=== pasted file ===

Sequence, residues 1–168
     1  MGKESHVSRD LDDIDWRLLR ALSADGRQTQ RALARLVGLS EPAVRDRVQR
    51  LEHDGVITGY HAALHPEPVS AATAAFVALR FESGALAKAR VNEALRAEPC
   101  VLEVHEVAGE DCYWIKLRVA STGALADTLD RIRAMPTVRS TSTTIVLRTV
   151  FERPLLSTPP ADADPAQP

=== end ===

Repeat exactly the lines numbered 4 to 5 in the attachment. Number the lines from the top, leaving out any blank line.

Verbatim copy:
   101  VLEVHEVAGE DCYWIKLRVA STGALADTLD RIRAMPTVRS TSTTIVLRTV
   151  FERPLLSTPP ADADPAQP